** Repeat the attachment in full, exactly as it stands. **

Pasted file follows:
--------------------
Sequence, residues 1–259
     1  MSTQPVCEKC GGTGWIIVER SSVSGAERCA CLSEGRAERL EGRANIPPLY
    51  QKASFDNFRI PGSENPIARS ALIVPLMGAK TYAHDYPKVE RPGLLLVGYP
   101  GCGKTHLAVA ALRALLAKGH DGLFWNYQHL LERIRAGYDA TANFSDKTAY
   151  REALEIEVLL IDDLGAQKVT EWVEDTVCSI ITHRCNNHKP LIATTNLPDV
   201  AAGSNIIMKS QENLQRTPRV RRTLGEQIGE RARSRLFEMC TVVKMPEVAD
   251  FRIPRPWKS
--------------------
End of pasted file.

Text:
Sequence, residues 1–259
     1  MSTQPVCEKC GGTGWIIVER SSVSGAERCA CLSEGRAERL EGRANIPPLY
    51  QKASFDNFRI PGSENPIARS ALIVPLMGAK TYAHDYPKVE RPGLLLVGYP
   101  GCGKTHLAVA ALRALLAKGH DGLFWNYQHL LERIRAGYDA TANFSDKTAY
   151  REALEIEVLL IDDLGAQKVT EWVEDTVCSI ITHRCNNHKP LIATTNLPDV
   201  AAGSNIIMKS QENLQRTPRV RRTLGEQIGE RARSRLFEMC TVVKMPEVAD
   251  FRIPRPWKS